Daily Archives: November 14, 2006

Noteworthy (Developments in the e-Sourcing Space)

Rearden Commerce announces a new relationship with American Express Business Travel that will resell the Rearden Commerce platform under the name American Express Intelligent Online Marketplace or AXIOM.

Emptoris launches a new version of its new integrated suite this week with enhanced spend analytics and spend management capability. Check back here on Sourcing Innovation later this week. I’d also keep an eye on Spend Matters which has had some great coverage of Emptoris in the past. In the meantime, here’s the official press release.

Iasta just launched it’s brand new website in preparation for its forthcoming SmartSource 7.0 release which will integrate with their new and improved SmartAnalytics and be supported by their new Spend Velocity programs. Also, hidden betwixt the pages is their announcement of their new annual Iasta reSource user group conference next May. With the Indy 500 only two weeks after the conference, there are sure to be some great lead up events going on in town at that time. I’ll be covering the new Iasta release here on Sourcing Innovation in a week or two, so keep an eye out.

14 Purchasing Best Practices, A Review Part I

This weekend I audited the online course 14 Purchasing Best Practices from Next Level Purchasing, a course designed to introduce you to the basic purchasing best practices that you can easily implement to jump-start your purchasing career and the organization you work for.

According to NLP‘s website, this course is designed to help you learn:

  • How to strategically measure purchasing performance
  • How to improve your spend management by implementing a buying plan
  • How to select the best suppliers by using cross-functional commodity teams, scorecards, and total cost of ownership analysis
  • How to improve vendor performance through a supplier performance management program
  • How to optimize supplier relationships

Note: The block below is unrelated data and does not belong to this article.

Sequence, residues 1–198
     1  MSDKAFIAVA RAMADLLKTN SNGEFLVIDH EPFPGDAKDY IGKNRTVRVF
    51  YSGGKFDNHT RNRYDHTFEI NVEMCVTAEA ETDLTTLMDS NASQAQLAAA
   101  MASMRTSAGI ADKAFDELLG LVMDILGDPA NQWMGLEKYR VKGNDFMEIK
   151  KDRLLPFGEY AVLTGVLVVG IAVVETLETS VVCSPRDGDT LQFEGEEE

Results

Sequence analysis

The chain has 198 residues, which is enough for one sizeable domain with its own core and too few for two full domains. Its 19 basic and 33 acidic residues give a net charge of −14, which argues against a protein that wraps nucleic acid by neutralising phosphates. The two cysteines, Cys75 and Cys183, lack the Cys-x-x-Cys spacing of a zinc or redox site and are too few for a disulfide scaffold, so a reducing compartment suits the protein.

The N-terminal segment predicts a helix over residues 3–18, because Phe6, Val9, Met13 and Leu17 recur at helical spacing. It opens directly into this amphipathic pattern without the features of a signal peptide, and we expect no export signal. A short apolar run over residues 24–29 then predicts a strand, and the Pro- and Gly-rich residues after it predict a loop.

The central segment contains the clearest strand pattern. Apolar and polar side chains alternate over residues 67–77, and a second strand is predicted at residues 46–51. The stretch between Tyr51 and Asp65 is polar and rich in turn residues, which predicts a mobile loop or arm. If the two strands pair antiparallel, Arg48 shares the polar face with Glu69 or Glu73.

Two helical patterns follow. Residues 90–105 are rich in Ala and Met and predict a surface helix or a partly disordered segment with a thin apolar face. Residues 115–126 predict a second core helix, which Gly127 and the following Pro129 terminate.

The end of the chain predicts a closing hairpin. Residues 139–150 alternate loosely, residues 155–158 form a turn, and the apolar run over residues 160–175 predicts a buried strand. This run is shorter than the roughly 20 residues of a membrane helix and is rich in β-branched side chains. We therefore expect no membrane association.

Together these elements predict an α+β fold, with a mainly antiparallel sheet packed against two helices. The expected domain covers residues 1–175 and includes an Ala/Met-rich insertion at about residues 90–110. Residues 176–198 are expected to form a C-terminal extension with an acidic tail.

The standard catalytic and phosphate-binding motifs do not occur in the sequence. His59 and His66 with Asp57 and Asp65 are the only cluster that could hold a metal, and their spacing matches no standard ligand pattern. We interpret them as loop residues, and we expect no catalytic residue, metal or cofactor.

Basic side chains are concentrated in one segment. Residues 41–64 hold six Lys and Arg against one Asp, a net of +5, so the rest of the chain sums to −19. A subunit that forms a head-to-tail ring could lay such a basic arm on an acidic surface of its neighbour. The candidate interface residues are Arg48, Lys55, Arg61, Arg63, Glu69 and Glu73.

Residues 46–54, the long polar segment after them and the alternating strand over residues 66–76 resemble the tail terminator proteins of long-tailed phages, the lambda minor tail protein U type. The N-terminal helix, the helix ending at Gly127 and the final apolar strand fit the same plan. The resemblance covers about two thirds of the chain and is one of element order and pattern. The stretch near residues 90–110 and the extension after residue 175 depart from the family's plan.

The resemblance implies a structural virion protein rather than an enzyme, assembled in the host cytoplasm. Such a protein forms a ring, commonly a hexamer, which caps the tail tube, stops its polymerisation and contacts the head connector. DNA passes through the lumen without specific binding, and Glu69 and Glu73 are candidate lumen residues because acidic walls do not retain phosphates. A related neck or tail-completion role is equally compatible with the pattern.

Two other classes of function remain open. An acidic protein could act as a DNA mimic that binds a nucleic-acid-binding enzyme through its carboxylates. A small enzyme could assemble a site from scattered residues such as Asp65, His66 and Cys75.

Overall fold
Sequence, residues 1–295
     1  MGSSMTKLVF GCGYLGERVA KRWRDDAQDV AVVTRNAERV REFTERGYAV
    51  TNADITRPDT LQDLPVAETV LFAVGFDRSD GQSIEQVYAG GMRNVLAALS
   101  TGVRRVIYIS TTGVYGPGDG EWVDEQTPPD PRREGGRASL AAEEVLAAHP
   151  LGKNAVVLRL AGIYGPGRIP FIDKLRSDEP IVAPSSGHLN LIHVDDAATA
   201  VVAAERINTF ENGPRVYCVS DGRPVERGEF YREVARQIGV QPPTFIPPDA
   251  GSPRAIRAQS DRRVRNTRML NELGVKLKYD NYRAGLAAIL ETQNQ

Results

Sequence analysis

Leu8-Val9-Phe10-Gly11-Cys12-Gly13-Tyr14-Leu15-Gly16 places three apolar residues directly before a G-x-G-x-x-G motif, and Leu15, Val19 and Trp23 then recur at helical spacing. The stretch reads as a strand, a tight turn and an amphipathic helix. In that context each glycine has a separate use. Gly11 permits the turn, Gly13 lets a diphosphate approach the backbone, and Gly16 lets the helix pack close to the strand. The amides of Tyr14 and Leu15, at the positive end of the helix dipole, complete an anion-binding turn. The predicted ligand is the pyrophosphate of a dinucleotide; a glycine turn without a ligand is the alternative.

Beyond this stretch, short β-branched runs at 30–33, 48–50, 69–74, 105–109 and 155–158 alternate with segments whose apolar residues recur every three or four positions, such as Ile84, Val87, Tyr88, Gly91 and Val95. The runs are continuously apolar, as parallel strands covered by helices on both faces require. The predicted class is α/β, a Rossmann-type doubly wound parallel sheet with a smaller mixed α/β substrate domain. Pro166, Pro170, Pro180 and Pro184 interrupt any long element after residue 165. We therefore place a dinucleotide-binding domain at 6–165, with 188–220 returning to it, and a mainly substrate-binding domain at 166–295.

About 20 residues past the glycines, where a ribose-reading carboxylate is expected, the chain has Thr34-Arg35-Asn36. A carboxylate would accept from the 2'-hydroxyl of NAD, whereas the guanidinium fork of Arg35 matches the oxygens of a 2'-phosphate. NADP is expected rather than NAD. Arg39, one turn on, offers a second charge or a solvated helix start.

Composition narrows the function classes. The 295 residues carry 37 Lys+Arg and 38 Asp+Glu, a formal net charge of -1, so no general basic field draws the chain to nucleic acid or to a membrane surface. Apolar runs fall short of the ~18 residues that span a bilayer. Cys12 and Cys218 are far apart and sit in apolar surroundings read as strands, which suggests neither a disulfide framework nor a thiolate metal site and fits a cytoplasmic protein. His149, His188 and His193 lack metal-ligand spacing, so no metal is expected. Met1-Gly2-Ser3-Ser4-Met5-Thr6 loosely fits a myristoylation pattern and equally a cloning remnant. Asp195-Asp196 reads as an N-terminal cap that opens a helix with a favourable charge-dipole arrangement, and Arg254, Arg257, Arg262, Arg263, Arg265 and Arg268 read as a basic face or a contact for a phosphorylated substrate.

• How to improve risk management
  • How to map and improve processes
  • How to leverage technology such as eProcurement and Internet Reverse Auctions
  • How to conduct benchmarking
  • How to achieve efficiency through the systemization of purchasing operations
  • How to utilize a strategic plan

And the course lived up to its promises, but that’s not what I liked about it. What I liked about it is that it:

  • contained detailed exercises and supporting materials on the creation of a strategic plan – the first step you need to undertake in your transition from an old-school purchaser to a new-school strategic sourcer(or)
  • contained detailed exercises and materials on the creation of category and commodity buying plans – the mandatory first step of any buying activity if you want to ensure success
  • emphasized the importance of using commodity teams and how they are necessary for the implementation of successful scorecards, a key tool in understanding the total cost of working with a supplier and/or the total value a supplier offers to you
  • discussed the importance of ethics in a purchasing organization and how to develop a simple, but effective, ethics policy
  • discusses key clauses you should have in every contract and provides you with a sample contract template to focus your thinking appropriately
  • indicates that sometimes legal has to be involved from the beginning (as I outlined in my post Key Concepts for Major Procurements)
  • provides concrete directions for conducting a market analysis, which is key to successful negotiations (approximately what should I be expecting to pay?)
  • provides a template for the creation of a simple, but effective, supplier rating program and identifies the key questions you need to ask
  • dives into process mapping as a method for operational improvement
  • holds to the promise of not being vague, voluminous, or unrealistic, like much of the literature you will encounter

Of course, what you want to know, is it worth it? The answer is a definite yes! It’s a steal at $200. Why? Just trying to amalgamate all of the content on your own through web searches, articles, and (expensive) books would probably take you a couple of days – then you would have to absorb, understand, and extract the material relevant to you – which would probably take you a couple of weeks since most of your searches will result in voluminous, but vague, articles. On the other hand, this course gives you the foundations in a couple of days (depending on how fast you are able to work through the course). And when you consider that it’s designed to be an eight hour (equivalent) course, that most professional day seminars cost closer to $800, you really can not go wrong. (Moreover, it is a first step to completing the certification program that is very likely to result in a salary bump that is multiples of what you invest.)